Shanghai is one of those epic cities that once you get to know, you will find impossible to forget. It lingers on in the mind like an ex-lover, suggesting drama and romance.
It is also one of the six cities in the world I consider HOME, because (some of) my immediate family, whom I love very much, live and work there.
Shanghai is furthermore, THE quintessential Treaty Port, being one of the original five treaty ports forced open in 1842 in the aftermath of the First Opium War. It would become the most important port and financial centre not only in the British Empire, but in all of Asia.
For evidence of how mighty it once was – and how it has already reclaimed that eminent position today, look no further than the Shanghai Bund: one of the most iconic views in the world.
Erected as a tangible and imposing manifestation of (the BRITISH) EMPIRE, it has miraculously survived two World Wars and a Cultural Revolution, and today still stands as a reminder of the city’s heady past.
Across the river, however, a new Shanghai, replete with towering contemporary monuments in glass, steel and neon looms – a symbol of the city’s 21st century aspirations; building on and never once repudiating that which the old colonial city across the river represented.
Shanghai is the new China! So this new skyline proclaims. Though of course, this is simply a recent incarnation of the same narrative that has been in place since the early 1900s.
Shanghai has and always will be the new China – dynamic, heady and exciting. It was so in 1842. It was so in 1932. And so it is today.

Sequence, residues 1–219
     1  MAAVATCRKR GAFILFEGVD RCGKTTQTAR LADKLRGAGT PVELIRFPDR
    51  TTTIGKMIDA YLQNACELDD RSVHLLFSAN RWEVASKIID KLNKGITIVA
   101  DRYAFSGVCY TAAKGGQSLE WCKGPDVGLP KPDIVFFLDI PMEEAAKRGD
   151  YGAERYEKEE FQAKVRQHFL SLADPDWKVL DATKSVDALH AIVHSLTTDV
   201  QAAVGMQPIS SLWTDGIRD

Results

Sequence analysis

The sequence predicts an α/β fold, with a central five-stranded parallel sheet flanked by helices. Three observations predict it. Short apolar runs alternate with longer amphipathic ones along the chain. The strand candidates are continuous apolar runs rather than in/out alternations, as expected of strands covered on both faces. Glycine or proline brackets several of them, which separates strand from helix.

Which is not to say that there is nothing deeper and older about the city.
The city proper consisted/consists of three separate cities – the International Settlement, managed by the British and Americans, and featuring the Bund and other famous landmarks such as Bubbling Well Road (today’s Nanjing Road); the French Concession, an almost-suburban landscape of colonial villas and leafy boulevards of plane trees; and the Chinese City, once-walled, and retaining a kind of messy mediaevalism that still holds true today.
One of the oldest landmarks in the Chinese City is the venerable Jingan Temple, which has been in existence since 247 A.D. Naturally, like many other ancient temples in China, Jingan Temple has been moved from its location and rebuilt multiple times in its almost two millenia of existence, and today’s temple (existing on site as of the 1200s A.D.) was majorly refurbished very recently to re-open only in 2010. Previous to that, and during much of the ’50s- ’80s, the temple had (tragically) been converted into a plastics factory.
This – my 5th stop on the Grand Tour of East Asia – will see me exploring the history and architecture of Shanghai – the city “On The Sea” (which is what the name “Shanghai” 上海 literally means) – in a series of posts.
The first will be on the Shanghai Bund – the heart of Old and New Shanghai; the second on the International Settlement that exists behind the imposing edifices of the Bund. This will be followed by a wander through the French Concession, touching upon two other important communities in Shanghai: the White Russians and the Jews.
Finally, we will stop in at the famous Cathay Hotel, today known as the Fairmont Peace Hotel – Shanghai’s grande dame and my home away from home whenever I stop in the city.
This series of posts is above all, a tribute to a city I love; one which I call Home. An epic city the kind the world only has a few of, and which said world has missed in the half a century in which it retreated into grey (Communist) seclusion.
Today, it preens in full technicolour splendour.